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On June 26, 2009, MetroPacific Bank, Irvine, CA, was closed by the California Department of Financial Institutions. The Federal Deposit Insurance Corporation (FDIC) was then named Receiver. Subsequent to the closure, Sunwest Bank, Tustin, CA acquired all the deposits and assets of MetroPacific Bank from the FDIC as Receiver for MetroPacific Bank. Any claims by equity holders were not acquired. Share price does not trigger a bank closing and was not the reason for MetroPacific Bank’s failure.
The total balance in your account(s) has been transferred to Sunwest Bank, Tustin, CA and will be available for transactions during regular business hours at the former MetroPacific Bank office starting on Monday, June 29, 2009.
You may continue to use your same checks, ATM cards and debit cards until notified.
All Direct Deposits, including Social Security checks, will continue as usual.
Account(s): What about my account with MetroPacific Bank?
If you had an account with MetroPacific Bank, you now have an account with
Sunwest Bank. All deposit accounts, which include Checking, Savings, Money
Market, CDs and Retirement accounts have been transferred to Sunwest Bank,
Tustin, CA, regardless of the dollar amount. No one lost any money on deposit
in MetroPacific Bank.
ATM/debit card and/or Billpay: What about my ATM/debit card and/or bill paying with MetroPacific Bank?
Your ATM/debit card will continue to work, and bill paying will work as it has in the past.
Brokered Deposits: I am a deposit broker or have brokered deposits. What do I do?
Brokered deposits will be held by the FDIC, and those insured deposits
will be paid off when the insurance determination is complete. The FDIC
offers an online reference guide to deposit brokers acting as agents for
their investor clientele. This site outlines the FDIC’s policies
and procedures that must be followed by deposit brokers when filing for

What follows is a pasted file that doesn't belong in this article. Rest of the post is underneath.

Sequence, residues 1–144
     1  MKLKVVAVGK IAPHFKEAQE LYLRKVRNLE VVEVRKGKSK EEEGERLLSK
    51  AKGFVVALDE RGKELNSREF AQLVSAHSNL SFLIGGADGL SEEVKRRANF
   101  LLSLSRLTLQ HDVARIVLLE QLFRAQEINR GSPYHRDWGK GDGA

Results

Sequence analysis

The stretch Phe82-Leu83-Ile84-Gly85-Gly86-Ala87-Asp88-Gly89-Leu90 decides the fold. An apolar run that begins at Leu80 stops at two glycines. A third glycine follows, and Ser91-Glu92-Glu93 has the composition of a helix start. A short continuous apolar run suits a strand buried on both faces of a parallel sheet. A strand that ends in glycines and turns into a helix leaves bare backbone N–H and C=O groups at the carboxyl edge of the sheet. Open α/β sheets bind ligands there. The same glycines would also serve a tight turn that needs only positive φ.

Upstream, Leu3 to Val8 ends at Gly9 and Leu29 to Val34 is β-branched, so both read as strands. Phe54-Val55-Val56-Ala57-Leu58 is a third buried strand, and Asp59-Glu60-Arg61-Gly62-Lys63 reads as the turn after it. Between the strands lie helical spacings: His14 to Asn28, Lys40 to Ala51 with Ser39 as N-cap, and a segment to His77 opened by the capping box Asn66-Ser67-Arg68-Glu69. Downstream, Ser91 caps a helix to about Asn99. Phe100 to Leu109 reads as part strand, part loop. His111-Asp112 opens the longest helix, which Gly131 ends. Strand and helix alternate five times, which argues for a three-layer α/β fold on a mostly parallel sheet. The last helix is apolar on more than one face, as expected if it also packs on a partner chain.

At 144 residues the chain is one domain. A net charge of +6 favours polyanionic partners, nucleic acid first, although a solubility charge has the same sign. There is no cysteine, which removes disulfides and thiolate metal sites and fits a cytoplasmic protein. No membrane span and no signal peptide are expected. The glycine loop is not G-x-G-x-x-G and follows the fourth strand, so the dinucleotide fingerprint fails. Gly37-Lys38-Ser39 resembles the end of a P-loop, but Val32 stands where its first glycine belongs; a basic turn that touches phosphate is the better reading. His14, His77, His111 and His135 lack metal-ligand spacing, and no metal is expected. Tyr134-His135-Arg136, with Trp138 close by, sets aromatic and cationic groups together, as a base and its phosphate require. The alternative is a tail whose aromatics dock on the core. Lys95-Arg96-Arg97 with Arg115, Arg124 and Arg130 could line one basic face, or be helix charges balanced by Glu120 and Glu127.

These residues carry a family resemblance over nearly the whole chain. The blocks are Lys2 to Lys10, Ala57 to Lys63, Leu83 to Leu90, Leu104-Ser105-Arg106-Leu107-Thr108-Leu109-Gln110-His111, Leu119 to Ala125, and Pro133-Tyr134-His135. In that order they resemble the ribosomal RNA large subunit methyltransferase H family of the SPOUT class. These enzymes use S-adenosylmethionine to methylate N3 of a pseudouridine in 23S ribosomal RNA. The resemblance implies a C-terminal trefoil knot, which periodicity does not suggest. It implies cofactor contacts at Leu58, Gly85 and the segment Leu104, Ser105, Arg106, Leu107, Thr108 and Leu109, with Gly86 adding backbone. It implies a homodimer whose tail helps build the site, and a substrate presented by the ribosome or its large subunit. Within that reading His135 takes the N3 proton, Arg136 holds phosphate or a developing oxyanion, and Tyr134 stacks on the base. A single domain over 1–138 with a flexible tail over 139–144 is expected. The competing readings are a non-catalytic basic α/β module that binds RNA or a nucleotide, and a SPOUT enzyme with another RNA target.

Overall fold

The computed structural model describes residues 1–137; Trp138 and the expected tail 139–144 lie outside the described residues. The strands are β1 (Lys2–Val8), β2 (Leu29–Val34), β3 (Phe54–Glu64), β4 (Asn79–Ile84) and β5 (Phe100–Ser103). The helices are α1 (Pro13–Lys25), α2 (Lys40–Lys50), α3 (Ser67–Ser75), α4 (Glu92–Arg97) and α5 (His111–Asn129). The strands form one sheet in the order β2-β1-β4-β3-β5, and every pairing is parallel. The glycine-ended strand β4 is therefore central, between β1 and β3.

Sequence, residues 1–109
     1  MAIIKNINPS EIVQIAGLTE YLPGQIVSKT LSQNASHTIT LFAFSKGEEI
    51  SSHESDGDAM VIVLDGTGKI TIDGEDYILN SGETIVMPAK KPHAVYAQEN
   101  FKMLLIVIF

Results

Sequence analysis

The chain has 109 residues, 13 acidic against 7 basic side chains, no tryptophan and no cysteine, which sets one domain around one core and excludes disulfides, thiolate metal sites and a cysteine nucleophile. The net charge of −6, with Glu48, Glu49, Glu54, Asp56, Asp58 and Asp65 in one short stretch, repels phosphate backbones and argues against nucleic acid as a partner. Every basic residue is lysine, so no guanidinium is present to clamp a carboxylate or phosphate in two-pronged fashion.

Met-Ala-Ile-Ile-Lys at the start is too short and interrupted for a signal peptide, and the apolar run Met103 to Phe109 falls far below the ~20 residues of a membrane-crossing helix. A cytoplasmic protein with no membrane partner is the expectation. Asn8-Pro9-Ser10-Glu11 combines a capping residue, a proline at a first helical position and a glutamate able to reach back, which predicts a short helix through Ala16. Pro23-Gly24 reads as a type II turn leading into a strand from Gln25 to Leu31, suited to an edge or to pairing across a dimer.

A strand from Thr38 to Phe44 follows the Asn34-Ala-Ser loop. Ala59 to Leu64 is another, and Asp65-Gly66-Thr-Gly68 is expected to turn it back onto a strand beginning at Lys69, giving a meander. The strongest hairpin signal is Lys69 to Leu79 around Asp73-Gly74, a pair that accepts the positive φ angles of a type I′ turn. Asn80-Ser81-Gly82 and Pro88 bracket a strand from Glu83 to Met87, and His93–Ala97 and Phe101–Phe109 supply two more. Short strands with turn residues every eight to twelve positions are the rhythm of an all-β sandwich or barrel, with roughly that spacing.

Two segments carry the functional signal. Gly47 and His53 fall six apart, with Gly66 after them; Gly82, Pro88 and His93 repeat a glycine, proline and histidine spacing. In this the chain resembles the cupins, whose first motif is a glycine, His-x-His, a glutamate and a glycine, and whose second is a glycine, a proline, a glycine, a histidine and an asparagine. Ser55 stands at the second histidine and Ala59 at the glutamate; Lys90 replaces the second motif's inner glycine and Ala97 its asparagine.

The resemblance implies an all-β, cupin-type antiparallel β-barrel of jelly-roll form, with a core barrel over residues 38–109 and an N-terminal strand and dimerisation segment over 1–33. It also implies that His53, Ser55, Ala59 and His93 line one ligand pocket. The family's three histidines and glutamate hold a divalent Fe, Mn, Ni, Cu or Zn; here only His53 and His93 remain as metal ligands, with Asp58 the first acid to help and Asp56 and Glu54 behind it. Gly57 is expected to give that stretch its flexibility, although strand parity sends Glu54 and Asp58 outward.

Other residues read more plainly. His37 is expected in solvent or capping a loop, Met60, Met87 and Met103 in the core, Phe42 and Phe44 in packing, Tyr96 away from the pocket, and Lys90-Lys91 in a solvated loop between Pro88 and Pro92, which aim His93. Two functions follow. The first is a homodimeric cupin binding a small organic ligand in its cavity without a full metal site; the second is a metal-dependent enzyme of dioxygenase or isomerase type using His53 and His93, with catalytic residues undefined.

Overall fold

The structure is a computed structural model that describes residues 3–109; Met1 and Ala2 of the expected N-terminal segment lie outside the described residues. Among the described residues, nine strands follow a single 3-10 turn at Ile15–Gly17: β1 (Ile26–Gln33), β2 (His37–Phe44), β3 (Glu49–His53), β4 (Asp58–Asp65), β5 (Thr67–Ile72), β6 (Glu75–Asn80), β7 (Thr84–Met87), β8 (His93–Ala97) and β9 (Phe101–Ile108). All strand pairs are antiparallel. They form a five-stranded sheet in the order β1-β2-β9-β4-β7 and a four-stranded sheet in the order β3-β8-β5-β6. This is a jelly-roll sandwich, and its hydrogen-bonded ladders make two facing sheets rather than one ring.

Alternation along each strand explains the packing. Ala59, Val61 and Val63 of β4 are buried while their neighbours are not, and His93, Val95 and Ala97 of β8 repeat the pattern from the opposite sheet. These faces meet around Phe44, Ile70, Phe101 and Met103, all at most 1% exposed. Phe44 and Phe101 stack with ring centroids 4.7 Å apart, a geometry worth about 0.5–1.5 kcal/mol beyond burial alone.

pass-through insurance coverage on custodial accounts in a failed FDIC-insured
institution. Please read the following Deposit Broker Processing Guide
completely before contacting the FDIC with questions:
Direct Deposits - Government Deposits: What will happen to my direct deposits?
Direct Deposits will continue as normal, including Social Security checks.
Existing Deposits at Sunwest Bank: I already have other deposit accounts with Sunwest Bank. When combined with balances at this bank, my deposits exceed $250,000. Are all funds insured?
The accounts transferred to Sunwest Bank will be separately insured for
at least six months after the merger. This grace period gives a depositor
the opportunity to restructure the accounts, if necessary.
Interest Rates, Early Withdrawal Penalty: Will I continue to earn interest at the same rate? Will I be charged an early withdrawal penalty?
Sunwest Bank will review rates and notify you.
Loans/mortgages: What about my loan or mortgage with MetroPacific Bank?
All mortgages and loans have been assumed by Sunwest Bank. Your payment amount and due date are the same. If you are having your payment deducted from your account, it will continue as it has in the past. You should continue to make your checks payable to MetroPacific Bank and send your payments to the same address.
Loans in Process: What happens if I had a loan in process that had not closed or a line of credit not fully funded?
You should contact your loan officer. All prior contacts remain the same.
Media: I represent a TV/Newspaper/Radio and would like some information.
Please contact the Office of Public Affairs:
Outstanding Checks: What about checks that I have written on my account with MetroPacific Bank?
Your checks will clear up to the available balance in your account. You can continue to use your existing checks.
Safe Deposit Boxes: How can I claim the contents of my safe deposit box?
It is business as usual. You can go to your local branch and access your safe deposit box; however, no action on your part is required because of this transaction.
Shareholders: What about my shares of stock?
Any claims by equity holders were not acquired.
Transaction Types: Why do all deposits, insured or not, pass in some transactions but not in others?
The FDIC is required by law to employ the least-cost resolution measure for each failed financial institution. The most frequent result is for the FDIC to transfer only the insured deposits in a merger transaction. The FDIC has been able to transfer all deposits in about 25% of the failures over the past 15 years.